[2] This order is currently undergoing review by another panel of this court. United States v. CAB, No. 74-1900 (submitted on the briefs for consolidation and simultaneous decision with A.L.P.A. v. CAB, No. 73-2181, and United States v. CAB, No. 73-2276, both dealing with a 20-market fuel-justified capacity reduction and which were argued before this court November 25, 1974).
[3] This later order approved a capacity reduction agreement on the basis of the need to conserve scarce supplies of aviation fuel. Although the agreements authorized by this order expired on December 14, 1974, the Board has authorized the carriers to submit proposals renewing the agreement. CAB Order 74-11-35 (Nov. 7, 1974). The carriers submitted, on November 22, 1974, a joint application for approval of agreement, similar to the current agreement, covering the period from Feb. 1 through June 14, 1975. The Board, in its Order 75-1-140, dated January 31, 1975, granted such approval.
[4] ALPA also advances a somewhat strained procedural argument that we find unpersuasive. The argument is based on the following facts: On July 26, 1973, the CAB directed its staff to inform the parties that it intended to grant interim approval of the agreement. The staff notified the carriers on that date. On July 27, the CAB officially adopted Order 73-7-147, its staff informed ALPA of the action, and ALPA filed its petition for review. The clerk of this court docketed the petition and transmitted a copy to the Board on July 30; it was received on August 7. The Board’s order was published on August 1; it was officially adopted at a Board meeting held on September 5, 1973.

ALPA argues that the July 26 telephone calls constituted an order of the CAB and that since they were made before any official Board action, they were “lawless individual action.” ALPA apparently feels that the order is somehow fatally tainted by this procedure. We disagree. It appears that the airlines were only told that the Board would issue an order granting interim approval, not that it had done so. Such an action does not constitute official action by the Board and the Board could have changed its mind. See Eastern Air Lines, Inc. v. CAB, 271 F.2d 752
(2d Cir. 1959), cert. denied, 362 U.S. 970, 80 S.Ct. 954, 4 L.Ed.2d 901 (1960).

ALPA next contends that the Board was deprived of jurisdiction over this case when ALPA’s petition for review was docketed on July 30, 1973. See 49 U.S.C. § 1486(d). It argues that as a result the Board had no jurisdiction to adopt its order on September 5 and that the order is defective for that reason. We reject this argument also.

All that the Board did on September 5, was to ratify actions taken earlier by its notation procedure. Under that procedure the members of the Board send tally sheets to the Minutes Section which indicate how they vote on a proposed action. The action is treated as adopted once all of the votes are received and a majority has concurred. Brief for Respondent at 44-45 n. 35. The Board’s adoption of the order under review here by notation on July 27 was sufficient to constitute official action by the Board. See Saturn Airways, Inc. v. CAB, 155 U.S.App.D.C. 151, 476 F.2d 907, 909 (1973). There is no question that the Board had jurisdiction of this matter at that time. While the transmittal of a petition for review to the CAB may deprive the Board of jurisdiction to take substantive action in a matter, it does not deprive it of the power to adopt formally orders that it has previously adopted by the notation procedure.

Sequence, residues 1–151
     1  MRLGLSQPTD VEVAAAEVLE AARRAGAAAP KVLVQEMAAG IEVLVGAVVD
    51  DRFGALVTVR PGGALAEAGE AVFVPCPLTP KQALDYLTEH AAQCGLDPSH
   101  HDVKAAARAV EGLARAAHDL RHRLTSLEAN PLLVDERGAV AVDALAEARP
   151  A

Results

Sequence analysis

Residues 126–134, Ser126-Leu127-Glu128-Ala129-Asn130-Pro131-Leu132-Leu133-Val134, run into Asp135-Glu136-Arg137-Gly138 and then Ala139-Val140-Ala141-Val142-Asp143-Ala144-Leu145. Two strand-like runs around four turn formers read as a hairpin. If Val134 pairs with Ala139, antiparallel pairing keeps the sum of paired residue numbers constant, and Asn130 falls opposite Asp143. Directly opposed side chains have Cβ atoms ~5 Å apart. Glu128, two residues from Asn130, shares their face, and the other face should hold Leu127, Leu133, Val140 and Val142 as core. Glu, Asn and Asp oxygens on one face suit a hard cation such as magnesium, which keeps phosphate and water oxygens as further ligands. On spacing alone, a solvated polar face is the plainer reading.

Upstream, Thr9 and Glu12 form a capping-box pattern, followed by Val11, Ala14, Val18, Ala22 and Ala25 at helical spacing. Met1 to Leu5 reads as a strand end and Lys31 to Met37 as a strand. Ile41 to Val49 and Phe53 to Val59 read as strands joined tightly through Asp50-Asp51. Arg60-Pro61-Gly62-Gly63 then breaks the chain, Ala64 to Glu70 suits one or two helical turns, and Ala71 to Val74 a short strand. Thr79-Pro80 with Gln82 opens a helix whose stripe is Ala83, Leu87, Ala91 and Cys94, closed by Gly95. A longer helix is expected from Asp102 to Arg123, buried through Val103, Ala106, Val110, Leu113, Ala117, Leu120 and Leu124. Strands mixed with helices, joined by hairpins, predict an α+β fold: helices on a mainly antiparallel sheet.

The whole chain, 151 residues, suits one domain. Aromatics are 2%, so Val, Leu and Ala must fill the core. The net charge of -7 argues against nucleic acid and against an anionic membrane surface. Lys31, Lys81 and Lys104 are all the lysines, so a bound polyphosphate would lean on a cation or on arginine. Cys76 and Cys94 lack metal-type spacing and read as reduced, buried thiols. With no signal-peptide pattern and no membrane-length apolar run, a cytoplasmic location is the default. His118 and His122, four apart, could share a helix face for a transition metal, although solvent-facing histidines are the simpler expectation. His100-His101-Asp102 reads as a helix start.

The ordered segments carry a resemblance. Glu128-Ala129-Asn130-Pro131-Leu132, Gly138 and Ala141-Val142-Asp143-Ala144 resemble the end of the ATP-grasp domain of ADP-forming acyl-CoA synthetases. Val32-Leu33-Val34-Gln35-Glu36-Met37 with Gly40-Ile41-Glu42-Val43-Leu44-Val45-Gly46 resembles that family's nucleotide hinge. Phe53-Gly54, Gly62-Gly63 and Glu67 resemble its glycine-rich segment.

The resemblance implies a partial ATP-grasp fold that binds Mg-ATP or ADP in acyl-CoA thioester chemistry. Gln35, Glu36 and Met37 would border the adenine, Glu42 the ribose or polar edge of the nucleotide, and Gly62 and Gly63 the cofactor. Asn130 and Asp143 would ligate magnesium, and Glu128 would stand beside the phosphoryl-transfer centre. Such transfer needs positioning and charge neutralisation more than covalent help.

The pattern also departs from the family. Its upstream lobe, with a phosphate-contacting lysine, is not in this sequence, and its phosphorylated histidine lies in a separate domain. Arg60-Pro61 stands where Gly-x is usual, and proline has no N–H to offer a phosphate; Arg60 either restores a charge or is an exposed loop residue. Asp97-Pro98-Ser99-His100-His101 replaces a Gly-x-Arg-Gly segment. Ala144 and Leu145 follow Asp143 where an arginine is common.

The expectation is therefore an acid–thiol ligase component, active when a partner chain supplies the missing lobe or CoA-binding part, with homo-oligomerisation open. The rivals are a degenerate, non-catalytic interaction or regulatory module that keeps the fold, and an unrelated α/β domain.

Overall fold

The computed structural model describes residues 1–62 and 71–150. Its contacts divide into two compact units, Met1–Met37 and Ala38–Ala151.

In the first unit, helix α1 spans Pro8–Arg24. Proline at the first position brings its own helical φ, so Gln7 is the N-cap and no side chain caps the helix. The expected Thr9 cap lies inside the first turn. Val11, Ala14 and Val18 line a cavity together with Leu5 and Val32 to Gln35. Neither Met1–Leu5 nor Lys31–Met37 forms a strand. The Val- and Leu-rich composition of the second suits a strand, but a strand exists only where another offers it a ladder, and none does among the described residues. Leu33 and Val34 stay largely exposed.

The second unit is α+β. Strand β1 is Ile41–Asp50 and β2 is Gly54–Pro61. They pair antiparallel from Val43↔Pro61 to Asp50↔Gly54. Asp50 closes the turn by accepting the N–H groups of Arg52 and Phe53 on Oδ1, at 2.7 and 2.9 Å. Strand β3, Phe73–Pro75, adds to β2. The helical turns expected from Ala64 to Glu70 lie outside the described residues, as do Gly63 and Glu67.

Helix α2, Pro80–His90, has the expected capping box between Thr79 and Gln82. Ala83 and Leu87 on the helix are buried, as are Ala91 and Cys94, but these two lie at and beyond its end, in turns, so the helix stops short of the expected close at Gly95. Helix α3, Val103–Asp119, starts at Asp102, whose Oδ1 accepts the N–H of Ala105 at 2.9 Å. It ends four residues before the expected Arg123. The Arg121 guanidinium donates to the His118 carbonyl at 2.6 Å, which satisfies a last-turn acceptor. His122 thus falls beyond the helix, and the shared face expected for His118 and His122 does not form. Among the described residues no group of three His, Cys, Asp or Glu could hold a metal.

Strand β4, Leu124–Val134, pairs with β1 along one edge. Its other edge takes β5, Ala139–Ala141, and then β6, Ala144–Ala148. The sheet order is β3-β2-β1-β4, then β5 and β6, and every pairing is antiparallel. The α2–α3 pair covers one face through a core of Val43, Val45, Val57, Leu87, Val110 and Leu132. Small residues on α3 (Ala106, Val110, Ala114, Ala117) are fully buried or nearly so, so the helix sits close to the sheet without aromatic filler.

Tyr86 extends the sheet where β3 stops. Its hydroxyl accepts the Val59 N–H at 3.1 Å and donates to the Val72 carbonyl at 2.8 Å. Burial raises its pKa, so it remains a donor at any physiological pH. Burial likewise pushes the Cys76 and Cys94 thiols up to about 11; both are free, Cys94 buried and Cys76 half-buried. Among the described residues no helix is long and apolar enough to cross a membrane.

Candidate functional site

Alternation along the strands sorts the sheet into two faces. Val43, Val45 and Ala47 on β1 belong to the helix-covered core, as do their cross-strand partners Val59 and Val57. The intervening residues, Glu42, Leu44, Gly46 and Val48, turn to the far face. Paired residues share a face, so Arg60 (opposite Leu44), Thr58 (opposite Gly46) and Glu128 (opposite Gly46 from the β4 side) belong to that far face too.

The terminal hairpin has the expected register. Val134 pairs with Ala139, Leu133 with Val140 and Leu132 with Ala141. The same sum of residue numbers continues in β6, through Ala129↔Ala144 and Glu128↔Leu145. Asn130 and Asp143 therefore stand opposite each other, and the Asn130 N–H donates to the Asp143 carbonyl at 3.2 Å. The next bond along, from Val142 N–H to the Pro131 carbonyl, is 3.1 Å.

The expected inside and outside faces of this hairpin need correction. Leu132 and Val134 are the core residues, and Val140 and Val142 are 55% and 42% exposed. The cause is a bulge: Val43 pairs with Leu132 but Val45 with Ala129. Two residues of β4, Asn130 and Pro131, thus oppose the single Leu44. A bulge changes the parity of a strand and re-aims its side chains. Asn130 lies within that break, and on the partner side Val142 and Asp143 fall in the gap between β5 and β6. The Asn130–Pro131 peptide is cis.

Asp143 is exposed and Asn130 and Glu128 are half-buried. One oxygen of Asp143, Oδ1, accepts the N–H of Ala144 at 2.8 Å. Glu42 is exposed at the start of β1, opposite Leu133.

[5] There were minor differences in the two sets of agreements. For example, the instant agreement allowed somewhat more extensive cutbacks in service.
[6] In the comments that ALPA submitted to the Board on the proposed capacity reduction agreement, ALPA only discussed the need for labor protective conditions. See Joint Appendix at 37-47.
[7] Even if ALPA’s predictions were accurate it is arguable that the impact of the agreements on employees would not be substantial. Moreover, although the Board did not say so in its order, it may have been influenced by the fact that ALPA’s submission to it, which explained how ALPA calculated the number of layoffs, included a section dealing with the predecessor agreements. ALPA at one time claimed that several hundred employees would be affected by those agreements. Yet at a hearing held pursuant to ALPA I, it conceded that the agreements had not resulted in any pilot layoffs. The Board did advance this reason as one ground for refusing to stay its order pending this appeal. CAB Order 73-9-61 (Sept. 14, 1973) in Joint Appendix at 149, 152-53.